Augusta's 'going nowhere,' activist says

Rainier Ehrhardt/Staff
Woody Merry

Woody Merry's town hall meeting Thursday night found him in full-fledged motivational speaker mode, standing alone on the Fort Discovery auditorium stage and whipping up an audience of 35 with tales of corruption, graft, hypocrisy and fiscal waste in Augusta's government.

The city activist spoke with the fury of a fire-and-brimstone evangelist, with the theatrics of a desperate football coach in a halftime pep talk.

"I am sick and tired of being lied to, being cheated," he said. "I won't run for office, but somebody has got to stand up and say enough is enough."

He told the group he didn't want to be there, that he shut his government reform group, CSRA Help, in early 2008 because he thought the city had a working government.

But he's back now because he's been convinced otherwise, and he went through a litany of reasons why, usually prefacing each topic with, "Good God!"

He described a government that blows hundreds of thousands of dollars on useless feasibility studies and loses millions through a Procurement department that doesn't pick lowest bidders, yet pays its police and firefighters paltry wages and is about to lose Fort Discovery and the Augusta Municipal Golf Course.

"We're going nowhere, except $8 million in the hole," he said, referring to the $8.6 million shortfall in the working 2010 budget.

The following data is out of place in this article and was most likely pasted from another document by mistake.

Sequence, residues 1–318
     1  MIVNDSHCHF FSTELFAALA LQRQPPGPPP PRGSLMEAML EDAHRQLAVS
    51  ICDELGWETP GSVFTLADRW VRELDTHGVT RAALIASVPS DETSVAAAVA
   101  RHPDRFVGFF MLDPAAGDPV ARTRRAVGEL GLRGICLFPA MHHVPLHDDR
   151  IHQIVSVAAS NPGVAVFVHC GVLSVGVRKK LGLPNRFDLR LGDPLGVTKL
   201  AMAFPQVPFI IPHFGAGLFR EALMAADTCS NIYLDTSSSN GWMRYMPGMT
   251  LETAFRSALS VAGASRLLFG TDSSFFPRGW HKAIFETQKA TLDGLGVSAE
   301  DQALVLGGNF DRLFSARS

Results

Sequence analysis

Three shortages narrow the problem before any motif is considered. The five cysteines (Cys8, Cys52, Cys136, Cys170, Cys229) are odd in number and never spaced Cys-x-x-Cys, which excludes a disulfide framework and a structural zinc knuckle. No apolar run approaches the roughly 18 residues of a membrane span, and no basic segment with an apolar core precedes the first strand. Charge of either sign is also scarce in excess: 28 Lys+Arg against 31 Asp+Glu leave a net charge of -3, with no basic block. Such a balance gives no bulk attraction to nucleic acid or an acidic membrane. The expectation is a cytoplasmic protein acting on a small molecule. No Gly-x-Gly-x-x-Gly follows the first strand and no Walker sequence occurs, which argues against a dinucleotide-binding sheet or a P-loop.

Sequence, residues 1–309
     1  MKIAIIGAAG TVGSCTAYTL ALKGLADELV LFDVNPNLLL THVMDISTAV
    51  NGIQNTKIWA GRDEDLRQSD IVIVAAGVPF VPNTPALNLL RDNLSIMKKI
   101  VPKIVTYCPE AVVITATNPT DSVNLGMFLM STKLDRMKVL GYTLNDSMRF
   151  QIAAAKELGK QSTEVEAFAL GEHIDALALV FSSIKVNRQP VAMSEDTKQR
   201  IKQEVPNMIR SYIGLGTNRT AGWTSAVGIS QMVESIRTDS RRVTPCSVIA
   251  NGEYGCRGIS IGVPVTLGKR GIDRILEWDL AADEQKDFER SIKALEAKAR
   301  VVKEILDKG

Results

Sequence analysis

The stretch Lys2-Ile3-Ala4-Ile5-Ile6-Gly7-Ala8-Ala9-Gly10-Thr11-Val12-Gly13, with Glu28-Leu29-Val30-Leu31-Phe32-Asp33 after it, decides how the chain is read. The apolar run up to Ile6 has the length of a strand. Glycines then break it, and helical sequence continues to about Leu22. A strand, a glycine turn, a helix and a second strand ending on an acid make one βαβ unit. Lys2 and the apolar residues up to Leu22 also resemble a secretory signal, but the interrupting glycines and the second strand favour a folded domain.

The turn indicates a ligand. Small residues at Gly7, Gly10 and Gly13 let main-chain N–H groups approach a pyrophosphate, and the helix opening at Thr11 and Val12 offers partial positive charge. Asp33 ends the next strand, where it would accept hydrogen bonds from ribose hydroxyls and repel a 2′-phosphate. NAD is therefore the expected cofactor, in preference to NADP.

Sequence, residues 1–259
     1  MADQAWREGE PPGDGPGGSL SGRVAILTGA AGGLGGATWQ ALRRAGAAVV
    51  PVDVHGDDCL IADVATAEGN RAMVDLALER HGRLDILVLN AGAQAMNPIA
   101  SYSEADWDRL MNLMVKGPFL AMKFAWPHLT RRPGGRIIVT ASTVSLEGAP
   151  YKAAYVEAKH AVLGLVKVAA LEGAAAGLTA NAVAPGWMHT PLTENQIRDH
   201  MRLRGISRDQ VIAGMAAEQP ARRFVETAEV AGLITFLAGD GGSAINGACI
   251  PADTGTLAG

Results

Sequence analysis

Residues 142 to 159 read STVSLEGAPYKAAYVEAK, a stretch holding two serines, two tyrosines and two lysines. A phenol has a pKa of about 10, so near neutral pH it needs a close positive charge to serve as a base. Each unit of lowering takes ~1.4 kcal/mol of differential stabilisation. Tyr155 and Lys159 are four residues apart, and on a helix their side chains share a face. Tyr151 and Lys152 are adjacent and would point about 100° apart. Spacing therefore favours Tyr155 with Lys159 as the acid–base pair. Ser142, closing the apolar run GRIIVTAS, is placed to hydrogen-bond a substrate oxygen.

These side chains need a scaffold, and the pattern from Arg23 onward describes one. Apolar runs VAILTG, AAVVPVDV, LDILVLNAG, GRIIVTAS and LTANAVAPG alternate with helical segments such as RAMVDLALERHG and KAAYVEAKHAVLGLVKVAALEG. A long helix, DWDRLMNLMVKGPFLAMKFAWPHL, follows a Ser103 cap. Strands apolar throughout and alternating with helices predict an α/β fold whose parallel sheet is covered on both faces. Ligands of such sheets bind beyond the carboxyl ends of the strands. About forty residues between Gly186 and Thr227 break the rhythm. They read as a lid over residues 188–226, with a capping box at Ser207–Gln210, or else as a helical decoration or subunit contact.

He said elected officials -- whom he didn't name -- are hooking up friends and relatives with city contracts. He lamented that the city's water consulting firm, CH2M Hill, has gone above and beyond in fixing problems in the Utilities Department, yet commissioners have shaken them down, told them what subcontractors to hire, and now want the company fired.

"Oh my God!" he said. "If anybody should be suing anybody, CH2M Hill should be suing us."

In the end, he laid out a plan of action: He said he wants to form a "shadow government" -- a group of 10 people, perhaps people interested in someday running for office -- to represent each commission district and open dialogues with the 10 commissioners.

He asked that community meetings be held to select the members.

"The method to my madness is the shadow government," Mr. Merry said. "Let me tell you right now, it's probably going to fail, but I've failed for 10 years, and I'm still trying."

Lori Davis, leader of the "concerned citizens of Harrisburg" group, which she's renamed "concerned citizens of Richmond County," said she's taking him up on it.

"I think it was great," she said of Thursday's meeting. "I say he was on the pulse of what new Augustans -- people new to politics, age 40 to 50 -- are wanting in this town."

Former Commissioner Andy Cheek was also in attendance, and said he wonders if Mr. Merry is like himself -- having cried wolf so many times that he's lost credibility.

But he said he supports him.

"People have got to get involved, or Augusta's going to end up like East St. Louis," Mr. Cheek said. "At least Woody is willing to stand up and make something happen."

Mr. Merry said his past efforts -- which include a string of lawsuits against the city -- have put him at risk.

"Yes, I have been shot at," he said. "Yes, my mailbox has been torn up. Yes, I have received threats. Yes, yes, yes, yes. These people play for keeps."

Reach Johnny Edwards at (706) 823-3225 or johnny.edwards@augustachronicle.com.